wandering_star: Both these books focus on pioneer women, whose previous lives have done nothing to prepare them for the new difficulties and tasks which face them, and how they match up to their new life.
Gold diggings disorganise society, induce a moral blight, divert activity from saner enterprise and encourage a disagreeable immigration of the scum of China. ~ Lyttleton Times, New Zealand
Gold has been all in all to us. ~ West Coast Times, New Zealand
For the Domino team, with all my love
The coldest winds came from the south and the Cob House had been built in the pathway of the winds.
When she came to the place where the Cob House had stood, she saw that the tussock-grass was long and green and that it had come clustering round the old range, as if to try to hide this embarrassing human invention, so that the winds would no longer see it, no longer try to destroy it, but only howl around it and pass on.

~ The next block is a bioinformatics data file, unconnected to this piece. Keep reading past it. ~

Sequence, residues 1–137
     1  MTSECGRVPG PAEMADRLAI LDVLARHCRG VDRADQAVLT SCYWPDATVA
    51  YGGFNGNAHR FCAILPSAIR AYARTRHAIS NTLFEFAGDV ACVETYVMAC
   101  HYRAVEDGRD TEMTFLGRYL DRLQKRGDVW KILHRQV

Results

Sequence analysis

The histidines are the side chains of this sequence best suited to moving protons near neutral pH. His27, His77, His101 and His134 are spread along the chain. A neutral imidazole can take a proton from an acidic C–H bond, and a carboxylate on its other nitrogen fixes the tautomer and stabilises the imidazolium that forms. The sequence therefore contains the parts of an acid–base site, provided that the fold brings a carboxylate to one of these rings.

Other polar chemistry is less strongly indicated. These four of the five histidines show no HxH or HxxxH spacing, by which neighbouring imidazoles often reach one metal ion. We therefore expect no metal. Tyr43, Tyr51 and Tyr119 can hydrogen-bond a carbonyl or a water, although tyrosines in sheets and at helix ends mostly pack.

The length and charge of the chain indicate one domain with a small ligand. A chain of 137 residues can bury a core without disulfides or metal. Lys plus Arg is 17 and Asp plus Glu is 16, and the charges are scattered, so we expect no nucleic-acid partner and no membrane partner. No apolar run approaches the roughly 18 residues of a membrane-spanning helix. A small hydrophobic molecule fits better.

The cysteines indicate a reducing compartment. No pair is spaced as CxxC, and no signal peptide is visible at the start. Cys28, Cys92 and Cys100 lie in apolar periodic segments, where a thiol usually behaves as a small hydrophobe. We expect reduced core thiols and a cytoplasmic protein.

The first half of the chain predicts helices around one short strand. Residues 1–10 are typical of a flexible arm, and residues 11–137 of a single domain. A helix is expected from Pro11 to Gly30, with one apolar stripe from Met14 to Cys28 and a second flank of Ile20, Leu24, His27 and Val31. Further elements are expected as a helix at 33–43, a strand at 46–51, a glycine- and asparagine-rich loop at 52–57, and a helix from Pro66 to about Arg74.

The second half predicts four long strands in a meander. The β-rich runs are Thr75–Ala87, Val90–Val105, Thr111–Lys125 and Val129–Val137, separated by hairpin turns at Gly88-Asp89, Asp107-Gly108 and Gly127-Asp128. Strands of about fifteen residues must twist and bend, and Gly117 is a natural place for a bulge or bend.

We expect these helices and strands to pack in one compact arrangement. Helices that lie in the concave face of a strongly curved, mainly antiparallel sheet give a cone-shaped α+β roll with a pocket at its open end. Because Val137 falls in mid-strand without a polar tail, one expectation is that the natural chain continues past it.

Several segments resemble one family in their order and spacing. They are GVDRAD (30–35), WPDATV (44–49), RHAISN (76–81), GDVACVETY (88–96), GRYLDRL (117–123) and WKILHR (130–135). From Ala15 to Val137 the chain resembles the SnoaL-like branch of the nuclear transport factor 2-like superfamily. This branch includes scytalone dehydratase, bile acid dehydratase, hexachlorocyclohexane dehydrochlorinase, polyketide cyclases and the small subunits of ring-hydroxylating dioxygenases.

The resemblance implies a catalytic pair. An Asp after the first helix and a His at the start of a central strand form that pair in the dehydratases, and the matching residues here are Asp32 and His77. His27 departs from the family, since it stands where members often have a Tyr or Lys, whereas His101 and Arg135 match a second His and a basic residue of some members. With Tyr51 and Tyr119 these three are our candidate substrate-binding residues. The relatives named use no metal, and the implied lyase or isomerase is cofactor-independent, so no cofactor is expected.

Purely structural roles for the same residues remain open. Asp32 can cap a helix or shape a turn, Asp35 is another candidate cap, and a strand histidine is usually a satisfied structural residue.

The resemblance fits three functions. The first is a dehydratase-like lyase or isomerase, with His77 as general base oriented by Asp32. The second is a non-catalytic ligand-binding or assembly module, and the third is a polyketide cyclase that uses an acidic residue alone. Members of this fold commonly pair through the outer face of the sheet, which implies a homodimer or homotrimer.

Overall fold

Newlyweds Joseph and Harriet Blackstone emigrate from England to New Zealand, along with Joseph's mother Lilian, in search of new beginnings and prosperity. But the harsh land near Christchurch where they settle threatens to destroy them almost before they begin. When Joseph finds gold in a creek bed, he hides the discovery from both his wife and mother, and becomes obsessed with the riches awaiting him deep in the earth. Abandoning his farm and family, he sets off alone for the new goldfields over the Southern Alps, a moral wilderness where many others, under the seductive dreams of the "colour," rush to their destinies and doom.
(retrieved from Amazon Thu, 12 Mar 2015 17:59:41 -0400)